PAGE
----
With a growing number of "priced-to-own" digital motion-picture cameras being released, such as Blackmagic Design’s URSA and AJA’s CION, shooters who like to own their gear are living it up. But the reality is that these shooters usually expend all of their resources on a camera body when they should be spending it on lenses. After all, high-quality glass can last you years—sometimes decades—if cared for correctly. With a shrinking release window, your new "high-tech" camera will become "obsolete" within a few short years.
But for low-budget shooters who want to own their own lenses, they usually come with a price tag way out of reach for most indie filmmakers. Recently, a number of affordable, high-quality prime lenses have hit the market, including the Canon Cinema EOS, Schneider Cine FF, and most notably, the Zeiss CP.2 series, which roughly retails for $4,000 to $6,000 per lens. Rokinon released a budget line of cine lenses that are a fraction of the cost, but still provide essential features you need in a cine-style lens, including manual focus, lens gears and a de-clicked aperture ring.
Price-wise, cinema zoom lenses are another matter. The entry-level Angénieux Optimo DP 16-42mm or Zeiss CZ.2 zoom lenses are priced at around $20K, so unless you’re a busy DP or a rental house, the lenses are out of reach for most people.
So why do you need a cinema lens? It mainly has to do with focus, in particular, manual focus or focus throw. (Focus throw is typically defined as how much you have to turn the focus ring to get from your closest focusing distance to infinity.) In cinema production, focus is done manually in order to selectively keep certain parts of the frame or subjects in sharp focus. A lot of low-budget shooters are working with autofocus DSLR lenses, which isn’t advisable for features, especially when working with a full camera crew since a good 1st AC has years of experience in developing muscle memory on how to pull focus and hit marks by hand. Cine lenses are also constructed much differently than still lenses in regard to body style, mechanics, markings, etc. Trying to hit focus marks with consistency by hand on an autofocus DSLR lens is a very difficult skill to master since the lens has a much shorter focus throw because it has to make super-quick adjustments.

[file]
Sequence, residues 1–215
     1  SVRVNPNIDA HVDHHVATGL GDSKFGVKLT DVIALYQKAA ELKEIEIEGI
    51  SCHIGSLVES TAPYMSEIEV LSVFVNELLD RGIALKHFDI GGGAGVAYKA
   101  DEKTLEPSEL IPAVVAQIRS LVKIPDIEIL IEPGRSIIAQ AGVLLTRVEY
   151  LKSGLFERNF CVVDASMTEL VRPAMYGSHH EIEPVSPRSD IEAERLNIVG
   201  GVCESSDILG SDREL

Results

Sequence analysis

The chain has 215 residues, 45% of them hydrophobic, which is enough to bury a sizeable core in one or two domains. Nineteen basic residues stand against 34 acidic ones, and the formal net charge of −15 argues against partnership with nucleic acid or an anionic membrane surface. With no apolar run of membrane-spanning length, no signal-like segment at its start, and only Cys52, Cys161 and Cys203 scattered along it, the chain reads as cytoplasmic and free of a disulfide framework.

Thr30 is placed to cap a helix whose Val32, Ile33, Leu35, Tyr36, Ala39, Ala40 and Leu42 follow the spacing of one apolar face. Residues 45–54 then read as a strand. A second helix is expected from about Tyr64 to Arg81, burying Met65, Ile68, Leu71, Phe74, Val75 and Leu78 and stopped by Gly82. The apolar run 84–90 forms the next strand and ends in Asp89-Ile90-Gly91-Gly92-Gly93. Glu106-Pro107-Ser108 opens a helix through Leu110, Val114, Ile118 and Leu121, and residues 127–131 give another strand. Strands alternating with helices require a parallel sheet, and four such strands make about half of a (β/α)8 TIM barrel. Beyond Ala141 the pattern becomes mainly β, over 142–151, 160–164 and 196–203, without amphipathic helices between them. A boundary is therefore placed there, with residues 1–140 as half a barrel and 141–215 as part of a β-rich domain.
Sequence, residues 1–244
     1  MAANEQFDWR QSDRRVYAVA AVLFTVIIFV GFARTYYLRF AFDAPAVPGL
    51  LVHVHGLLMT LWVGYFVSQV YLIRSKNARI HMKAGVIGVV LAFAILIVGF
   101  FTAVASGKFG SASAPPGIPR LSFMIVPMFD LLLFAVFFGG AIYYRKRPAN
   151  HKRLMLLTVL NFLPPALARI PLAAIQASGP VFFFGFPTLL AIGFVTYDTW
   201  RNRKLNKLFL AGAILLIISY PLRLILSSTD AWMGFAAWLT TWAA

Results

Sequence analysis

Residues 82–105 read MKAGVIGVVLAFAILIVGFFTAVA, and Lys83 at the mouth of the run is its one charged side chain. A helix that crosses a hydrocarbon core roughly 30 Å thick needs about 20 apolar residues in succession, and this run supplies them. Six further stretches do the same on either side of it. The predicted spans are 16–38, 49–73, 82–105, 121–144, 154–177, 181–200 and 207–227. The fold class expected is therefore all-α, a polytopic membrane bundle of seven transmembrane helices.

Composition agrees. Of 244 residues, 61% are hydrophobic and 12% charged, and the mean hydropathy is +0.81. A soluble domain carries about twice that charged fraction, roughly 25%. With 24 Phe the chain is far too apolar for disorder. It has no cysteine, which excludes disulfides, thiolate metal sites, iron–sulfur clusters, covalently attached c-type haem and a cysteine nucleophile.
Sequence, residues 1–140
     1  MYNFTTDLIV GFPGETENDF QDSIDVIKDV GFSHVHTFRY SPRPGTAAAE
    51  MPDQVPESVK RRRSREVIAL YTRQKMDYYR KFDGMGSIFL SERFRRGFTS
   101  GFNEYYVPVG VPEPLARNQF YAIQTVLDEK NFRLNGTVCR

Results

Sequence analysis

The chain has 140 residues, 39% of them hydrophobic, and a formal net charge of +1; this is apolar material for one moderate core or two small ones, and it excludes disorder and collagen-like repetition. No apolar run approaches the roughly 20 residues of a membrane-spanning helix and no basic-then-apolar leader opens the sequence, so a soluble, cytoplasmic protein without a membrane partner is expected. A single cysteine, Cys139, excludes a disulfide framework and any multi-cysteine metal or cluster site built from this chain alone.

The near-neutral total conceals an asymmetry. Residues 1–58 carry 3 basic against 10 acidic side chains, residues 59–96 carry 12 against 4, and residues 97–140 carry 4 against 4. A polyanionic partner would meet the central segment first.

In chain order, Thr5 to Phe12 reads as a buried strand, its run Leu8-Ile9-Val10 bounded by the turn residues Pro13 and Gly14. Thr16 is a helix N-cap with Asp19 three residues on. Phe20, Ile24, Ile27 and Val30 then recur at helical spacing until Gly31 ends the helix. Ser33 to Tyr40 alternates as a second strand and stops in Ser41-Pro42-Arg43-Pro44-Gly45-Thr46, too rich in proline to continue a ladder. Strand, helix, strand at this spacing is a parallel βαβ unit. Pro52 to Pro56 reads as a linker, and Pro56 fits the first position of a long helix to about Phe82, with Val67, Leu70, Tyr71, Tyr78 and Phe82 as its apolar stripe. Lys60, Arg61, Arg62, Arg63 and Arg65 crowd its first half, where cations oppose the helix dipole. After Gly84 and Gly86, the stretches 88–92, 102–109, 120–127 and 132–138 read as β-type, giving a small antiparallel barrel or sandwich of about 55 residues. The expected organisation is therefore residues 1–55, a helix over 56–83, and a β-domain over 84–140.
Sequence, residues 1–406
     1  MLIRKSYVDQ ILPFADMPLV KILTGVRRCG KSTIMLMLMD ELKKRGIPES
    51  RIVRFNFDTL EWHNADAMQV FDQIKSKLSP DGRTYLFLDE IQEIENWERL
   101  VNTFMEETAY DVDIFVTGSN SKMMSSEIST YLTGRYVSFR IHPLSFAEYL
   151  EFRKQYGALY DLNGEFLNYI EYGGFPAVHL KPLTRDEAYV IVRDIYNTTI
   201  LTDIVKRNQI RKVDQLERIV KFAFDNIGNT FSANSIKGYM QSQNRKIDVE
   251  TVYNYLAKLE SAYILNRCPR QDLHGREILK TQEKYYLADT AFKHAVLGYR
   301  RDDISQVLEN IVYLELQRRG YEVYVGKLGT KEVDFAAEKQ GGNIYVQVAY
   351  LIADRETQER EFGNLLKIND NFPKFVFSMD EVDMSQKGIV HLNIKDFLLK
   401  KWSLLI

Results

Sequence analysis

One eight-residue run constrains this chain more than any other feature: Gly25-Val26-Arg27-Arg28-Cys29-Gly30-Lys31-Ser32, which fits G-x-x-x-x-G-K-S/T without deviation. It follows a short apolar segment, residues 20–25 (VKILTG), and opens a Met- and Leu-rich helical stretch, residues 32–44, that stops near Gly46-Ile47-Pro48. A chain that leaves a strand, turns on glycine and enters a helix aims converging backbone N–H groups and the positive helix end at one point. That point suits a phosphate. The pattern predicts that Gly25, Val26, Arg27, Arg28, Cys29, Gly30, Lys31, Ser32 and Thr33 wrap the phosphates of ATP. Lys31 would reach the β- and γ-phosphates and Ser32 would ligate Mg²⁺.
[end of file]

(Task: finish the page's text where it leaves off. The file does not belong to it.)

Cine-style lenses have larger lens barrels, making the focus throw much longer, so you do adjustments in inches rather than feet. Another feature on a cinema lens that a DSLR lens doesn’t contain is a click-less aperture. If you’re a Canon DSLR shooter, you change your aperture setting on the camera, but on any digital motion-picture camera, it’s done on your lens. If you’re moving from indoors to outdoors on a moving shot, a de-clicked aperture will give you smoother iris pulls when moving from a bright location to a dark one, or vice versa.
Tokina is the first company to take advantage of a new category of budget-friendly cinema zoom lenses. Part of Kenko Tokina USA, the exclusive U.S. importer and distributor of Hoya filters, Slik tripods, Kenko photo/video accessories and Daiwa broadcast camera supports, Tokina has released their Cinema ATX line of zoom lenses, which will target the indie filmmaker. They’re offering a 16-28mm T3 wide-angle zoom lens and a soon-to-be-released 50-135mm T3 telephoto zoom lens with cinema-style lens housings, as well as an 11-16mm T3 wide-angle zoom lens.
Tokina’s 16-28mm T3 wide-angle zoom lens ($4,500 MSRP) and 50-135mm T3 telephoto zoom lens (price not finalized as of this writing, but less than $6,000 MSRP) are true cinema lenses that are engineered to meet the demands of 4K, 2K and HD optical performance. Because of the professional cine-style lens body, camera assistants can make more precise focus adjustments. Both lenses have professional markings, a de-clicked aperture ring, and geared focus, aperture and zoom rings film crews will be familiar with.